Also worthy of mention, according to Adesina, is the resuscitation of the grounded Port Harcourt and Warri refineries which are back in operation with 60 per cent capacity and producing seven million litres of PMS daily, adding that the Kaduna refinery also resumed production at the end of the April, 2016.
The Presidential spokesman also cited as economically expedient President Buhari’s interventionist resolution of “the lingering shadowy oil swap deals that had cost the country billions of dollars and left it at the mercy of a few rich Nigerians.”
Adesina equally noted that following the complaints of most state governments that they were broke last year, President Buhari had directed the Central Bank of Nigeria to disburse N689.5 billion as bailout to 27 states of the federation to pay salaries so as to assuage the suffering of Nigerians. And to stimulate the economy and reduce poverty, the President had in April this year approved deferment in the payment of the bailout as states were still reeling under the burden of the fall in commodity prices, he said.
Beyond all these, Adesina passionately avers that Nigerians should for ever be grateful to President Buhari for his timely intervention in stabilising the drifting ship of state immediately he took over office. He particularly cited the decisive actions taken to arrest the worsening state of insecurity in the country, especially in the North Eastern part of the country which was under constant threat by the Boko Haram. He recalled that as a demonstration of his resolve to bring the lingering insurgency to an end, the President had immediately ordered the relocation of the Nigerian Military Command Centre to Maiduguri. And he is convinced that the action “contributed to the success in the fight against insurgency” such that as at February 2016, the total number of persons rescued by the Nigerian troops during the ongoing operations in the North East came to 11,595″.
Part of the success he attributed to Buhari’s ability to mobilise both local and international support in the fight against terrorism and attract assistance to victims and communities affected by terrorism. This included President Buhari’s meeting with G7 leaders and other world powers as well as Nigeria’s hosting, this month, of a Regional Security Summit to boost military operations against Boko Haram and forge a global support for the rehabilitation of Internally Displaced Persons, IDPs and rebuilding of the North East.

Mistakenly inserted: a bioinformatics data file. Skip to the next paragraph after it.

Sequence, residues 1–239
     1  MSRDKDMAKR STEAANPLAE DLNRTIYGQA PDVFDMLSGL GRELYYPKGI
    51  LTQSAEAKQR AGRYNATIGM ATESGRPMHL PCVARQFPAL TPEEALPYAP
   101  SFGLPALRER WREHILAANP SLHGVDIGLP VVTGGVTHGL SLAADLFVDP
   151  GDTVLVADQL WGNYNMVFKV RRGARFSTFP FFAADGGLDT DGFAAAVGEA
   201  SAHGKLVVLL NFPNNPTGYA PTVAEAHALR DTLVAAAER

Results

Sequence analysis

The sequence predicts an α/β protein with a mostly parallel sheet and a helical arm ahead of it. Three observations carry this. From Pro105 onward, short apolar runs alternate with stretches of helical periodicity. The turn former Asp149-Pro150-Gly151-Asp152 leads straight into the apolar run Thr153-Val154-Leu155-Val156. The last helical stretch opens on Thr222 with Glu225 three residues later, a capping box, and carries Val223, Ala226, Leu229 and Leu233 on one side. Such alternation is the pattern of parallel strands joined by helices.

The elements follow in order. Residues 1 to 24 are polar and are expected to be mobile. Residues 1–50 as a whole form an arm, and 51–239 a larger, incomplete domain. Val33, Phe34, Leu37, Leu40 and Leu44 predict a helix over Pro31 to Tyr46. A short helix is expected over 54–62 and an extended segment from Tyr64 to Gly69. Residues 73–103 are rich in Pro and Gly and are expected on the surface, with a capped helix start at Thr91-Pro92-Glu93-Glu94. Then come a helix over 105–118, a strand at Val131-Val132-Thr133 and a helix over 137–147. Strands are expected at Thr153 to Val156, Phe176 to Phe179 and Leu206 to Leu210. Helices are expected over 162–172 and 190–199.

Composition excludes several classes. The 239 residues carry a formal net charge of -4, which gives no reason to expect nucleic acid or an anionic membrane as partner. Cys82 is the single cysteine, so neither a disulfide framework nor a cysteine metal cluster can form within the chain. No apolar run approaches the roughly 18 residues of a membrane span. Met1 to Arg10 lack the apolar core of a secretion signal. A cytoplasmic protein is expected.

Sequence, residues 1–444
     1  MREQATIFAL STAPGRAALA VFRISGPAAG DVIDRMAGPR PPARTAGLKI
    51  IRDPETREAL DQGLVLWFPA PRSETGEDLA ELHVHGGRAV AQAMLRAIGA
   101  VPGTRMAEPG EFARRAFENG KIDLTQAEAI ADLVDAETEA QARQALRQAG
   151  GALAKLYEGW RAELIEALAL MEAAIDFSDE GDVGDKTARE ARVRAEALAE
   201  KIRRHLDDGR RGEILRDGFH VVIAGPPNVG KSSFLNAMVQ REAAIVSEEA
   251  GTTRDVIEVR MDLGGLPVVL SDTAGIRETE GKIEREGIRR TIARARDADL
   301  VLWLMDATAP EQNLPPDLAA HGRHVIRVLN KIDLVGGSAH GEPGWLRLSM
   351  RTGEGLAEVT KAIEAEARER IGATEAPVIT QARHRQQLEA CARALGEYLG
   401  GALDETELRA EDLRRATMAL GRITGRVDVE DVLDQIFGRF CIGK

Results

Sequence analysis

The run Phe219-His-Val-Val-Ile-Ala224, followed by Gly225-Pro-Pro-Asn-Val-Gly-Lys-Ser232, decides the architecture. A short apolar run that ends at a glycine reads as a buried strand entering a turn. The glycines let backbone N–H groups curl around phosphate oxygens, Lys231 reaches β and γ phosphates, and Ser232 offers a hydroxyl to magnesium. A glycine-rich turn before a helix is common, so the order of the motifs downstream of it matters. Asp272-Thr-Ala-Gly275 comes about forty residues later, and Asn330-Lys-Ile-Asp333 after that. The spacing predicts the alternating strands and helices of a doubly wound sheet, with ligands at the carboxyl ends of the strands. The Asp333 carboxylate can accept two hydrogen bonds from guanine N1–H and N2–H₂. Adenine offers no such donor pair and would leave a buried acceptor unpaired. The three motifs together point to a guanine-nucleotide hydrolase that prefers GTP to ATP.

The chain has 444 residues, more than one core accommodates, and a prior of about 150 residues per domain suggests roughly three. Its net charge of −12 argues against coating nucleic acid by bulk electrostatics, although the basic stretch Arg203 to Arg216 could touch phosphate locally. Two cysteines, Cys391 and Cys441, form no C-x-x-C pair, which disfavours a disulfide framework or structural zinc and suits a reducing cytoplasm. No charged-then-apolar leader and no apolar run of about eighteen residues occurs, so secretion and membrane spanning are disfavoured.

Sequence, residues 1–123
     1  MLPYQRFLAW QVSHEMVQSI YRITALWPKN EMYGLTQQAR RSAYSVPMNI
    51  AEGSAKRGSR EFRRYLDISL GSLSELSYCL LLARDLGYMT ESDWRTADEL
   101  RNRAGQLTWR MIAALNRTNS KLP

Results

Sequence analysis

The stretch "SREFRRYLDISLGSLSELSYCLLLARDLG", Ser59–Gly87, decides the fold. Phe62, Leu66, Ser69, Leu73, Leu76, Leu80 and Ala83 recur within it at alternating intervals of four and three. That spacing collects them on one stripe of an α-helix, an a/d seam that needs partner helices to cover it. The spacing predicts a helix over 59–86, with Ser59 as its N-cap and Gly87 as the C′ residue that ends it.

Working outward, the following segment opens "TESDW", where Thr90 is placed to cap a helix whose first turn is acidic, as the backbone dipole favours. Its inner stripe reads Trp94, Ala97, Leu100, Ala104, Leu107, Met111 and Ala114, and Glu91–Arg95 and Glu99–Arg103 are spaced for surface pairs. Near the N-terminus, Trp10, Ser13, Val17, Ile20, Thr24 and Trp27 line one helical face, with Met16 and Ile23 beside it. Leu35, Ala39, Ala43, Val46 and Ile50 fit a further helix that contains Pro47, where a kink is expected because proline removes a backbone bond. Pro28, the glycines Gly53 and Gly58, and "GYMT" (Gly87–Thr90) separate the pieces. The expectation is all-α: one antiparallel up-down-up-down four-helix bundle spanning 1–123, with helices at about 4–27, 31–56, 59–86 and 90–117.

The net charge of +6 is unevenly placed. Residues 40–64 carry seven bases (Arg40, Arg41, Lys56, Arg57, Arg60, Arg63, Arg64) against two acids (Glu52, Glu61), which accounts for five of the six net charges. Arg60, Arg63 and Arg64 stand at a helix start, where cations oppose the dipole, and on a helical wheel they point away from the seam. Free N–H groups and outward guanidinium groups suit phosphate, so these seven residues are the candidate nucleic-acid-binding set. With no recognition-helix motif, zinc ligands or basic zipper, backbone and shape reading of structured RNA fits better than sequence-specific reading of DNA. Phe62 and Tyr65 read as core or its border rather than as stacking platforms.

However, there are some Nigerians who prefer to believe that Buhari has excelled more as an anti-corruption President and say he deserves plaudit for that, especially given the prevalence of corruption in Nigeria before he assumed office. While acknowledging their sentiment in this regard, Adesina said the anti-corruption actions of the President have resulted in the arrest and trial of looters of public funds, “with many of them returning funds that had been stolen under previous administration”. He did not stop there.
“The anti-corruption battle is gaining ground with several high profile cases already in the courts. The administration is being guided by the rule of law in the prosecution of corruption cases. President Buhari enlisted the support of multilateral institutions like the World Bank and IMF, security agencies, Western countries and other friendly nations to source, locate and repatriate stolen assets.
“To create a frame work for prosecuting the war against corruption and institutionalize probity, President Buhari set up an Advisory Committee on War Against Corruption,” he said.
An essential component of the anti-corruption fight is government’s spirited quest to recover looted funds stashed either locally or in some foreign countries.
He said that since being sworn into office, President Buhari had enlisted the support of multilateral institutions like the World Bank and the International Monetary Fund, IMF; security agencies, Western countries and other friendly nations to source, locate and repatriate stolen assets. “In the first quarter of 2016, President Buhari embarked on trips to the Middle East to sensitize the governments on the need to repatriate stolen assets and hand over the looters for trial in Nigeria. In January, Nigeria and UAE signed Judicial Agreements on Extradition, Transfer of Sentenced Persons, Mutual Legal Assistance on Criminal Matters.
In March 2016, the Federal Government and the Swiss Government signed a Letter of Intent On the Restitution of Illegally-Acquired Assets forfeited in Switzerland.”